The idea of national treasure, like national epics and national anthems, is part of the language of romantic nationalism, which arose in the late 18th century and 19th centuries. Nationalism is an ideology which supports the nation as the fundamental unit of human social life, which includes shared language and culture, thus national treasure, part of the ideology of nationalism, is shared culture. A national treasure can be a shared cultural asset, which may not have monetary value. Or it may refer to a rare cultural object, such as the medieval manuscript Plan of St. Gall in Switzerland; the government of Japan designates the most famous of the nation's cultural properties as National Treasures of Japan. The National Treasures of Korea are a set of artifacts and buildings which are recognised by South Korea as having exceptional cultural value. There are thousands of national treasures around the world. Listed here are samples of the different types of things that can be national treasure: Examples of people who have been described as national treasures include the following: Certain countries designate individuals or groups as Living National Treasures.
See, for example, Living National Treasures of Japan. American actress, television presenter and producer Betty White, working in television since 1939, is referred to as a national treasure in the United States. Comedian, actor and director Stephen Fry and naturalist Sir David Attenborough, racing driver Stirling Moss have in several high-brow non-industry-specific publications been referred to as national treasures of the United Kingdom. After the Brazil national football team won the 1962 FIFA World Cup, wealthy European clubs offered massive fees to sign their young star player, Pelé, but the government of Brazil declared him an official national treasure to prevent him from being transferred out of the country; the late German humorist Vicco von Bülow alias Loriot had the status of a national treasure in Germany. In 2013 the British satirical magazine Private Eye began running a column poking fun at an exponential increase in references in the press to "national treasures". Namdaemun in South Korea.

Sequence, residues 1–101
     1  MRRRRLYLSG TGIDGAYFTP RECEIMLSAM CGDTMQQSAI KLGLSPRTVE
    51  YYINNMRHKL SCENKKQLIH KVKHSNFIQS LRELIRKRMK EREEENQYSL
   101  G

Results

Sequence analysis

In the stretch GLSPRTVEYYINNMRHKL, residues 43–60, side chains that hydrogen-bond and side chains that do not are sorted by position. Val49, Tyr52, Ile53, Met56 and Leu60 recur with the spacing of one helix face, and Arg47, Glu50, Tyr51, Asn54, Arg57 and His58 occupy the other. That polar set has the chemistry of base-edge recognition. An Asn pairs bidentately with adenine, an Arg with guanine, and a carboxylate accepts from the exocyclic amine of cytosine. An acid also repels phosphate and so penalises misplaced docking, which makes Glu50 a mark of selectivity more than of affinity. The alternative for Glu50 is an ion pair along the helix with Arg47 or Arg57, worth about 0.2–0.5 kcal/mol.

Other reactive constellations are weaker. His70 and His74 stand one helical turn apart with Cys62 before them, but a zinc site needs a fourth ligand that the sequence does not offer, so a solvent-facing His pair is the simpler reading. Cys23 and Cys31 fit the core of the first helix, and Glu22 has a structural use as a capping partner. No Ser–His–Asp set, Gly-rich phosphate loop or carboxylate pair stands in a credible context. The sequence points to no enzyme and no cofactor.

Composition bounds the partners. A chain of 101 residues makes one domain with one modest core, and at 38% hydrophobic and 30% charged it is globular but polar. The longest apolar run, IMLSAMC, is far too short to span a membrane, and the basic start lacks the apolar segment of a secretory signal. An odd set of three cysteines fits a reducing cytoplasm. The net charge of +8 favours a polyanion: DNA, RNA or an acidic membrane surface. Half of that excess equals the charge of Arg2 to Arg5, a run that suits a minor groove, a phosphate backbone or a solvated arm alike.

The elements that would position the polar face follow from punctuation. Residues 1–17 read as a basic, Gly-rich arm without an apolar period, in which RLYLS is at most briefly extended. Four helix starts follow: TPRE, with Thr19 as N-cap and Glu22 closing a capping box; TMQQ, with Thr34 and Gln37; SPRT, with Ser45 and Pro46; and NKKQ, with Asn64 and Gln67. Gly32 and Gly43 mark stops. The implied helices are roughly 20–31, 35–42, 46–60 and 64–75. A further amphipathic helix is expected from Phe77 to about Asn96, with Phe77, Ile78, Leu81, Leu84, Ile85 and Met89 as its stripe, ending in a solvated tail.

Grand Canyon in the United States of America. The Fairy Queen locomotive in India; the Declaration of Independence and Bill of Rights for the United States. Stonehenge and the Magna Carta in the United Kingdom; the National Treasure for Public Life is called The Magna Carta Award. Chinese bronze tripod cauldrons dating back to the Shang Dynasty Moon rock collected in the lunar space missions by NASA's Apollo missions The Book of Kells in Ireland The Constitution of Greece of 2001 declared that the Greek coastline is a national treasure; the United States natural and cultural resources that collectively comprise the National Park System are considered to be a national treasure. In 1997, the United States Library of Congress recognized the song Truckin' by the rock band Grateful Dead as a national treasure of the United States. Andy Williams's voice was one described as a national treasure by U. S. President Ronald Reagan. Bald eagle in United States Odd-eyed cat in Turkey Panda in China Raja elephant of Sri Lanka Monument List of Chinese cultural relics forbidden to be exhibited abroad National Treasures of Japan National Treasures of North Korea National Treasures of South Korea National Treasures of Taiwan National Treasures of Vietnam World Heritage Site Media related to National Treasures at Wikimedia Commons